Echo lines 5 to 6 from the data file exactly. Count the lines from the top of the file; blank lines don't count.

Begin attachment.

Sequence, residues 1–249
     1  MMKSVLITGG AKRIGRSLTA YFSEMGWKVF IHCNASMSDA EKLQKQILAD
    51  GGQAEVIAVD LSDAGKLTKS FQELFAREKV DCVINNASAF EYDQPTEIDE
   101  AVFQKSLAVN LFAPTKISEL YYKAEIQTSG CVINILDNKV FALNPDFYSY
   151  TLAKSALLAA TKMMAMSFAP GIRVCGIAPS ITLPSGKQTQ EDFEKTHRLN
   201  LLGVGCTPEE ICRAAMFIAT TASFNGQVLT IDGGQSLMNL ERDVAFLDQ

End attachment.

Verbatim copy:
   151  TLAKSALLAA TKMMAMSFAP GIRVCGIAPS ITLPSGKQTQ EDFEKTHRLN
   201  LLGVGCTPEE ICRAAMFIAT TASFNGQVLT IDGGQSLMNL ERDVAFLDQ